Building information modeling (BIM) has revolutionized the way buildings are designed, built, and managed. Now, in the face of an increasingly urbanized world, BIM could be applying the benefits it has brought to buildings to entire cities through a new concept called city information modeling (CIM).
CIM could help address many of the issues that face cities today, like urban sprawl, congestion, and even civic engagement. Here’s a look at how your BIM training could play a role in the potentially transformative power of CIM.
CIM Uses Data From BIM and Applies Them to Broad Urban Issues
Each BIM project contains a vast amount of data about that particular building, such as materials, energy consumption, construction methods, building systems, and more. In building information modeling college, you’ll learn how this information can help improve efficiencies during every stage of a building’s lifecycle, from design to post-construction maintenance. However, buildings don’t exist in isolation. They are parts of cities and they affect their surrounding neighbourhoods and are affected by them in turn.
A CIM integrates data from BIM and other sources, such as sensors and the Internet of Things, to create a digital model of not just one building, but an entire city. This allows various stakeholders, such as urban planners, architects, city officials, and even residents, to work with the same, real-time digital model of the city in order to better understand how both existing and proposed buildings and urban systems interact with each other.
Your BIM Training Can Help CIM Make Urban Planning More Collaborative
Many different professionals—such as property developers, engineers, architects, transit authorities, and government officials—have a say in how cities are planned. However, they don’t always have the same motivations or expertise. A traffic engineer, for example, may be focused on keeping traffic moving smoothly without considering how a new road or highway may affect the liveability of a neighbourhood.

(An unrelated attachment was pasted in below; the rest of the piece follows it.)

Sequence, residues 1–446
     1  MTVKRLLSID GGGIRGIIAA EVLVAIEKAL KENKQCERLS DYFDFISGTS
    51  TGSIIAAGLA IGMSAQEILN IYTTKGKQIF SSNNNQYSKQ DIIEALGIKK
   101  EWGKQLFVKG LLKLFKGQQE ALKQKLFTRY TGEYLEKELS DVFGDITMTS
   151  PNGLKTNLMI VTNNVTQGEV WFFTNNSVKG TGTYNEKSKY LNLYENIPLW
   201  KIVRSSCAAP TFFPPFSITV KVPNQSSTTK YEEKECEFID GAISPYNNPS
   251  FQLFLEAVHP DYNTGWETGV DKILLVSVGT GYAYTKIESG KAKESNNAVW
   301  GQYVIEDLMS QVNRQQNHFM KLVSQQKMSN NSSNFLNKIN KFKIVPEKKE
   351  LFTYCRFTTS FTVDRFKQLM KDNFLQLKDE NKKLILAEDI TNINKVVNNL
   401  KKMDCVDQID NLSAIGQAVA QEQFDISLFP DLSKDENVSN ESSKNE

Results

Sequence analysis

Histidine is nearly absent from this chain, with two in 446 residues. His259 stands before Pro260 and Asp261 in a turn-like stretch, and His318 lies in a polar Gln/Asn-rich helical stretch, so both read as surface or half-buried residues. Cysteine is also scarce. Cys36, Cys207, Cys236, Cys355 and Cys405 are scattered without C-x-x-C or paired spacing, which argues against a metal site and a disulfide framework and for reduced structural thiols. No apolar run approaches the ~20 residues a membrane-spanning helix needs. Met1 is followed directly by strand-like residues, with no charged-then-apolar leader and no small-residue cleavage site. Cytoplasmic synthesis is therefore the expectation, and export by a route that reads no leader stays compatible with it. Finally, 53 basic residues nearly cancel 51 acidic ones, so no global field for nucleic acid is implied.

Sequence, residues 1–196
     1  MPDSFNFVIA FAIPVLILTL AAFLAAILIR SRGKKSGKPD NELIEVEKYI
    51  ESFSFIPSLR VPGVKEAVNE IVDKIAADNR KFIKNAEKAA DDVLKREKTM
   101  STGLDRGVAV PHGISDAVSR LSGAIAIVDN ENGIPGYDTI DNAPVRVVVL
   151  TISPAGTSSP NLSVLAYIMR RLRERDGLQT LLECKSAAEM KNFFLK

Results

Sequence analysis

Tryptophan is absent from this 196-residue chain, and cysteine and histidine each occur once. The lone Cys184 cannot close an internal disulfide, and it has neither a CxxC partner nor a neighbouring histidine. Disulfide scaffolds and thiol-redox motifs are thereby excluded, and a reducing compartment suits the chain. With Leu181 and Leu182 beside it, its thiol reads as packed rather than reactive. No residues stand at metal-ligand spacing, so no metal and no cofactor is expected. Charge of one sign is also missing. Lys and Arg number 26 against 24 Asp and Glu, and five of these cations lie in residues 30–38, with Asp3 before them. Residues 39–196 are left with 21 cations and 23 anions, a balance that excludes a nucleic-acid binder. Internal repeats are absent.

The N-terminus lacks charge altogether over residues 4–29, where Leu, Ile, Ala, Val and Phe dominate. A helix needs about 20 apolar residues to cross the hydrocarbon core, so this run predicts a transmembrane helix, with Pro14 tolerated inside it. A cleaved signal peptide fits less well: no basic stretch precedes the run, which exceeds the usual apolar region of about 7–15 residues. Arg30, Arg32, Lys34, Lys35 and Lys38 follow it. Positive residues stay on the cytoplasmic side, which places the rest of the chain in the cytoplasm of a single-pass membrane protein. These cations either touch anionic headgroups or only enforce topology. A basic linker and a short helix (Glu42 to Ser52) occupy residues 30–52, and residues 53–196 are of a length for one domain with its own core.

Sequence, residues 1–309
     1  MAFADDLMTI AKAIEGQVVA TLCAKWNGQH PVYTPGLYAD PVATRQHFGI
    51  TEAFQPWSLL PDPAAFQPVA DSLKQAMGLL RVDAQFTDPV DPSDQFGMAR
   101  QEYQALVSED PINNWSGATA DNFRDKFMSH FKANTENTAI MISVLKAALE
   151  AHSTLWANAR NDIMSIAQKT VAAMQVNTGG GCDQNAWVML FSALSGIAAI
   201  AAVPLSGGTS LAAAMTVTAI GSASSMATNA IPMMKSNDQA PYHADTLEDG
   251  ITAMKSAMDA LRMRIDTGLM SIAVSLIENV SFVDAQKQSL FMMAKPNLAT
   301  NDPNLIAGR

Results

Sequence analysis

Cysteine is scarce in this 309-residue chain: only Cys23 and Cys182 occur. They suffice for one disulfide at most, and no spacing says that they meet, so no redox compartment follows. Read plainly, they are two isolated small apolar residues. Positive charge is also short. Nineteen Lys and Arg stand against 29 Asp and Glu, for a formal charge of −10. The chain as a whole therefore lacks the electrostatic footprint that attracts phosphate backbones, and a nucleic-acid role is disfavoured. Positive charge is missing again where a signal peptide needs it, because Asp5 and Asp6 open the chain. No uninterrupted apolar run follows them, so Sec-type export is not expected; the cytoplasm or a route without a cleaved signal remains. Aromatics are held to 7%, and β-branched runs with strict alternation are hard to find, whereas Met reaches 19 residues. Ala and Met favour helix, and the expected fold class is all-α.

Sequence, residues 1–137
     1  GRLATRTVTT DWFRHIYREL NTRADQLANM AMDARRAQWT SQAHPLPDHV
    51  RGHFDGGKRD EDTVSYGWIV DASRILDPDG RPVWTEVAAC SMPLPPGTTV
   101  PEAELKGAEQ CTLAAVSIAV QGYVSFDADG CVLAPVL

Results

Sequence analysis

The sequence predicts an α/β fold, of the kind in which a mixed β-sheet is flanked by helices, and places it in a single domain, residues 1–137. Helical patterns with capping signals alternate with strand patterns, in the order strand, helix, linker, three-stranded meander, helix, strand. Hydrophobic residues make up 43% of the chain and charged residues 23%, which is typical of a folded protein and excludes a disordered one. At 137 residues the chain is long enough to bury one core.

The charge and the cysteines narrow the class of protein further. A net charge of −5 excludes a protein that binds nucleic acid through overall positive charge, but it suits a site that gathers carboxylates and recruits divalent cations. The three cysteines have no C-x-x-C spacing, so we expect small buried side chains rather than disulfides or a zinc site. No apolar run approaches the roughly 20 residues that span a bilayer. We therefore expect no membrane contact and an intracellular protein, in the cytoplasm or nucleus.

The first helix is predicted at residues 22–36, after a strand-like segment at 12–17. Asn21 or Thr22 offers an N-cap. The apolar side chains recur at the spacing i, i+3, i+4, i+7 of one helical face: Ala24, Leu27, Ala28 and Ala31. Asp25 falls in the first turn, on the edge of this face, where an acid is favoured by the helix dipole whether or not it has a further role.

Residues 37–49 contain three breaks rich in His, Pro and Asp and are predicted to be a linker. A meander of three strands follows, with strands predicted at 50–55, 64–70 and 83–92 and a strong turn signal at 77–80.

CIM helps solve this issue. As you’ll learn in your building information modeling courses, BIM centralizes all data pertaining to a building in a single 3D model, allowing engineers, architects, property owners, and others to make and see changes to it in real time. Since everyone works with the same model, changes become highly collaborative. CIM takes this concept from BIM and scales it up, so each stakeholder can use their own expertise to flag potential issues that a proposed change to the CIM could pose.
BIM and CIM Working Together Can Help Democratize City Planning
One of the more exciting aspects of CIM is how it could potentially have a transformative impact on how cities are governed. While most building models are today privately held, there is an open BIM movement that pushes for the data in BIM projects to be made more transparent and publicly available. With CIMs, this proposal is being pushed even further so that citizens have full access to the data contained within a city’s CIM model.
This access would allow citizens to see, for example, what effect a new construction project would have on pollution levels in their neighbourhood or how access to schools and transit would be impacted by building a new condo tower nearby. This increased access to data would help create more informed and engaged citizens. It is an especially exciting sign of how the technology you’ll learn in BIM training could change the world for the better, and help to build a brighter future.
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